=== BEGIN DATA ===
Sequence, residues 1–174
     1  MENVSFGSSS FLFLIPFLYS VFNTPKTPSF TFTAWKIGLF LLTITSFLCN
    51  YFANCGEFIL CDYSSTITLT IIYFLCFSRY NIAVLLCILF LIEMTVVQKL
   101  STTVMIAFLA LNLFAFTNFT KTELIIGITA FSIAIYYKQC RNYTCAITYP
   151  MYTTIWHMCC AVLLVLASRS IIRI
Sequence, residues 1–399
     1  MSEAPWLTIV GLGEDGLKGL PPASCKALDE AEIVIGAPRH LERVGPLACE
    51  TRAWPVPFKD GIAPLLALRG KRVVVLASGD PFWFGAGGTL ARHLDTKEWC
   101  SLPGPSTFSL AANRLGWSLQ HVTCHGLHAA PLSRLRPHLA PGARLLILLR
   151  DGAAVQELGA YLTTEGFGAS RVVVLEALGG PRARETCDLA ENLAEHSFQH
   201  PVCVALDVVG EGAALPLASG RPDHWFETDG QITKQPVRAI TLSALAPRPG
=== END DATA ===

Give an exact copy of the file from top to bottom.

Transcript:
Sequence, residues 1–174
     1  MENVSFGSSS FLFLIPFLYS VFNTPKTPSF TFTAWKIGLF LLTITSFLCN
    51  YFANCGEFIL CDYSSTITLT IIYFLCFSRY NIAVLLCILF LIEMTVVQKL
   101  STTVMIAFLA LNLFAFTNFT KTELIIGITA FSIAIYYKQC RNYTCAITYP
   151  MYTTIWHMCC AVLLVLASRS IIRI
Sequence, residues 1–399
     1  MSEAPWLTIV GLGEDGLKGL PPASCKALDE AEIVIGAPRH LERVGPLACE
    51  TRAWPVPFKD GIAPLLALRG KRVVVLASGD PFWFGAGGTL ARHLDTKEWC
   101  SLPGPSTFSL AANRLGWSLQ HVTCHGLHAA PLSRLRPHLA PGARLLILLR
   151  DGAAVQELGA YLTTEGFGAS RVVVLEALGG PRARETCDLA ENLAEHSFQH
   201  PVCVALDVVG EGAALPLASG RPDHWFETDG QITKQPVRAI TLSALAPRPG